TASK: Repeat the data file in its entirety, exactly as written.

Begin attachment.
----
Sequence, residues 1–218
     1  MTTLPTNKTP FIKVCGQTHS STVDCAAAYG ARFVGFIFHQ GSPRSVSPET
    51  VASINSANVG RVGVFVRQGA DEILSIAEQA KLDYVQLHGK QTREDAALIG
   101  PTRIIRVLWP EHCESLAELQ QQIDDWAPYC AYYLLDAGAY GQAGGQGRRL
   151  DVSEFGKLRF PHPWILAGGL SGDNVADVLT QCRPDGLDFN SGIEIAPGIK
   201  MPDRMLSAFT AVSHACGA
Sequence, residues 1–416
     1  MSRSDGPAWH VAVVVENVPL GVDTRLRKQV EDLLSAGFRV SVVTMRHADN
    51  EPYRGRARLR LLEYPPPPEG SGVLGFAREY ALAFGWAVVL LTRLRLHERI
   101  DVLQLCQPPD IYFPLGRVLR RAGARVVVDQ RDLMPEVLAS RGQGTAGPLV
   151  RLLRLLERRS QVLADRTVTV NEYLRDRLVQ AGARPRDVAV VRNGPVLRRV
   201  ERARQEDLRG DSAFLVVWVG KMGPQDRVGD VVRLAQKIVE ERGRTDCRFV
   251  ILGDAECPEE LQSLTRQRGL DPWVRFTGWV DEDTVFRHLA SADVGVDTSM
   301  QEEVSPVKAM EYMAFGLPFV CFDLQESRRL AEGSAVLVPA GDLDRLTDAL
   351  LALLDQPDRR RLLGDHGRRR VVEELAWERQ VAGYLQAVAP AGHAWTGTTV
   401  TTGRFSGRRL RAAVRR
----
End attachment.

Sequence, residues 1–218
     1  MTTLPTNKTP FIKVCGQTHS STVDCAAAYG ARFVGFIFHQ GSPRSVSPET
    51  VASINSANVG RVGVFVRQGA DEILSIAEQA KLDYVQLHGK QTREDAALIG
   101  PTRIIRVLWP EHCESLAELQ QQIDDWAPYC AYYLLDAGAY GQAGGQGRRL
   151  DVSEFGKLRF PHPWILAGGL SGDNVADVLT QCRPDGLDFN SGIEIAPGIK
   201  MPDRMLSAFT AVSHACGA
Sequence, residues 1–416
     1  MSRSDGPAWH VAVVVENVPL GVDTRLRKQV EDLLSAGFRV SVVTMRHADN
    51  EPYRGRARLR LLEYPPPPEG SGVLGFAREY ALAFGWAVVL LTRLRLHERI
   101  DVLQLCQPPD IYFPLGRVLR RAGARVVVDQ RDLMPEVLAS RGQGTAGPLV
   151  RLLRLLERRS QVLADRTVTV NEYLRDRLVQ AGARPRDVAV VRNGPVLRRV
   201  ERARQEDLRG DSAFLVVWVG KMGPQDRVGD VVRLAQKIVE ERGRTDCRFV
   251  ILGDAECPEE LQSLTRQRGL DPWVRFTGWV DEDTVFRHLA SADVGVDTSM
   301  QEEVSPVKAM EYMAFGLPFV CFDLQESRRL AEGSAVLVPA GDLDRLTDAL
   351  LALLDQPDRR RLLGDHGRRR VVEELAWERQ VAGYLQAVAP AGHAWTGTTV
   401  TTGRFSGRRL RAAVRR